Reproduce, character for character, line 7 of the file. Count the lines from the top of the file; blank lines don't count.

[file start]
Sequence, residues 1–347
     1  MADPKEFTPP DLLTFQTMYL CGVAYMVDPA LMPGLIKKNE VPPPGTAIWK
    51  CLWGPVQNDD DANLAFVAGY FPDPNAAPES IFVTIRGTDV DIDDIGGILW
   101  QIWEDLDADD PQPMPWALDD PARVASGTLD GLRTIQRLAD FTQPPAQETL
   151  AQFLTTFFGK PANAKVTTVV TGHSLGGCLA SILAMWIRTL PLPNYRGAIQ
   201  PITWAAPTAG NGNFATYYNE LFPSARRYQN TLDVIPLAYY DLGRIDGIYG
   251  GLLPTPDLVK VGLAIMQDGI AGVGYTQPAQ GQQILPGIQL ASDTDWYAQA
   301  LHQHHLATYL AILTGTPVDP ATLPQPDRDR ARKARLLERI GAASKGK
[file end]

   251  GLLPTPDLVK VGLAIMQDGI AGVGYTQPAQ GQQILPGIQL ASDTDWYAQA